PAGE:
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Former Mercer Island youth theater director gets 6 months for sexual assaults
The Island’s former youth theater director will spend the first half of next year in the county jail after a judge sentenced him for sexually assaulting the teenage daughters of his former girlfriend.
Last Friday afternoon at the King County courthouse in Seattle, Judge Jeffrey Ramsdell also ruled that Benjamin Keylin, 58, an Island resident and former executive of Youth Theatre Northwest, must refrain from contact with minors, including his victims and his own teenage daughter while on two years of probation. Keylin will also submit a DNA test for state records and undergo sexual deviancy treatment. He lost both his right to vote and his teaching certificate.
The judge said that he decided to increase the prosecutor’s recommended sentence of three months to six but offered the option of work release, which would allow Keylin to be hired and work during weekdays, though he would be required to return to his jail cell every evening and weekend. Money earned would help pay for his restitution for the victims’ counseling, the attorney said.
Originally charged with rape in the third degree and inappropriate communication with a minor, Keylin pleaded guilty to two counts of assault in October. One of the charges is a felony. He was arrested nearly one year ago at his Island condo following allegations of rape and inappropriate touching of two sisters.
The prosecuting attorney said that the state sought the plea deal to prevent the victims from the additional trauma of a difficult trial and that she had spoken to both teens at length.
“The thing most important was that he be held responsible, to be responsible for what he did,” said the prosecuting attorney, Julie Kays, of her talks with the family on the reasoning for a plea bargain.
The older victim spoke before the judge issued his sentence, saying that visiting Mercer Island made her uncomfortable because she knows that Keylin lives there, and she was trying to shut out the memories of the alleged rape that occurred in his condo.
“Sometimes, I can hear him saying something to me, something inappropriate,” the victim said. “I feel people can take advantage of me and not know it.”
Keylin will remain free until Jan. 5, the date when the judge ordered him to turn himself into custody.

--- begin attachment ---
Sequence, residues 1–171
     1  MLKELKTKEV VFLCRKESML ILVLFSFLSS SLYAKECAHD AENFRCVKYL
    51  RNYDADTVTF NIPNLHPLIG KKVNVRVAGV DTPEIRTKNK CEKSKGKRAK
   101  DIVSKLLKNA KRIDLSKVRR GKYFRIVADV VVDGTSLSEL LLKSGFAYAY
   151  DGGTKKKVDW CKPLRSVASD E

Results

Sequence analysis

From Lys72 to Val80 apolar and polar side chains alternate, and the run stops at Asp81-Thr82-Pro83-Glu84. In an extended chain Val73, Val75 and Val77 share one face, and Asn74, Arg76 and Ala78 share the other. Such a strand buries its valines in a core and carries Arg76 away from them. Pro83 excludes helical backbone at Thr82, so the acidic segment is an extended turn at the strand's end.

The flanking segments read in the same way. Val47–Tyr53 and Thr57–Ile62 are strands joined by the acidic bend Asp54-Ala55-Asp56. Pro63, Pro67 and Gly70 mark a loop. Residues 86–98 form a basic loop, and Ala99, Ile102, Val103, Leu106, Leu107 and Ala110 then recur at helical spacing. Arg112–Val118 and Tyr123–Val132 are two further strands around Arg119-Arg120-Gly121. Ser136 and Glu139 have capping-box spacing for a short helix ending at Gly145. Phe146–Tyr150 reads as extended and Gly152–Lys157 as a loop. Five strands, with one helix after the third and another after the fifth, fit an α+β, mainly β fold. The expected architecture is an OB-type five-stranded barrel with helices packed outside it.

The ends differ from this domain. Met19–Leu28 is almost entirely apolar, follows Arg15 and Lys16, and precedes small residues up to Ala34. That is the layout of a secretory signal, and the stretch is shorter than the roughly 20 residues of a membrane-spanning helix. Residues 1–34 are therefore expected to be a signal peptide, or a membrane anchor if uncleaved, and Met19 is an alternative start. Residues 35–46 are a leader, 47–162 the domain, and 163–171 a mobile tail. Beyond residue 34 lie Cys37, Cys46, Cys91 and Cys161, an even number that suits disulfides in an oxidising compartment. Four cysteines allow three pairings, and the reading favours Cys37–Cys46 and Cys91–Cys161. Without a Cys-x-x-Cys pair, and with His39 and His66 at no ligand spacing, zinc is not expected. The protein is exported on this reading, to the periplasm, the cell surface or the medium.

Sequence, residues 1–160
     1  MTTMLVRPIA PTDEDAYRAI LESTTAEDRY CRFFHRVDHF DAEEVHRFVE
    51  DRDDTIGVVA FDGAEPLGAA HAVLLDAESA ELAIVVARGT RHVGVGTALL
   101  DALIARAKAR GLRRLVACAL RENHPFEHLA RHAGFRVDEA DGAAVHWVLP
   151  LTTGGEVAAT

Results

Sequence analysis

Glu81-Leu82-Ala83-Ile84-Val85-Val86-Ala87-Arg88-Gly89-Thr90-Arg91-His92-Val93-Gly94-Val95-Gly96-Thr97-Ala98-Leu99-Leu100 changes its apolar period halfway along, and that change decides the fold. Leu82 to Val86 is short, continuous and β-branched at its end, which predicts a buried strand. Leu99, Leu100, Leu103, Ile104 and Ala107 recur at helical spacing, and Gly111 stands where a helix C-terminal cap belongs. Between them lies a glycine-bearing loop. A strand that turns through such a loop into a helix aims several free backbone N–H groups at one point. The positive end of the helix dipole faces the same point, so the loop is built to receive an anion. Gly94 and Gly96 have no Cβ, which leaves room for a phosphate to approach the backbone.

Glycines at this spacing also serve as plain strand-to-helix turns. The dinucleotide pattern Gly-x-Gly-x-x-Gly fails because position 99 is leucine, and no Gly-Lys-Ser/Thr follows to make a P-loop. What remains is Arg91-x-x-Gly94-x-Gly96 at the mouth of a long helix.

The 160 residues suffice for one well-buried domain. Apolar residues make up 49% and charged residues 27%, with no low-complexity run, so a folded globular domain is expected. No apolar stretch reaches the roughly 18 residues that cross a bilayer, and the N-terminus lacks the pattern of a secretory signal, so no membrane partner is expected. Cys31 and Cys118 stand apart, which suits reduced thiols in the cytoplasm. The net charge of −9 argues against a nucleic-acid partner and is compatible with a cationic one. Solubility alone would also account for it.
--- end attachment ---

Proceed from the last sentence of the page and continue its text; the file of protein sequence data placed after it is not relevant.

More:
In 1992, Keylin was accused of committing a similar sexual assault and was arrested on attempted rape charges. His then-girlfriend’s niece told police that Keylin had attacked her back stage at a concert he had taken her to. He entered an Alford plea for an assault charge. An Alford plea does not admit guilt but recognizes that there is sufficient evidence for a jury to convict. Keylin served several days in jail.
In court on Friday, the victims and her parents said that their relationships with each other have suffered as well. The father said that his two daughters would continue to struggle with the rest of their lives. He also said that he thinks his younger daughter — a person he characterized as an idealist — may not graduate high school and has run away from home.
“Fulfilling her dreams will be more difficult,” he said of the effects that the sexual assaults had on her. “[Keylin] caused a riff with her mother and my younger daughter that might never heal.”
The father also said he was disgusted that he saw a picture of Keylin in a local newspaper with U.S. Senator Tom Daschle about providing youth and family services earlier this fall.
“That was extremely bad taste — the worse judgment. Benjamin is sick and he needs help. But he also needs to be punished,” the victim’s father told the judge.
Keylin said that he “should have known better” regarding the sexual assaults and he exercised poor judgement in his decision making. He also said that he has spent the past year in intensive counseling, including sessions with a Rabbi, and that had “truly helped him.”
“I have been able to find a spiritual path I did not previously have,” Keylin said.
During his remarks to the judge, he turned and faced the victims and family in the back of the courtroom. He apologized and said he wished that he “could turn back the clock.” He also said he cries every day for his daughter because she felt that he had abandoned her through these actions.
“I don’t even know if she will ever have it in her heart to forgive me,” he said of his teenage daughter.
“[Keylin] took advantage of all of us,” said the victims’ mother, his former girlfriend. “We were duped by [Keylin]. This is a blemish in our lives.”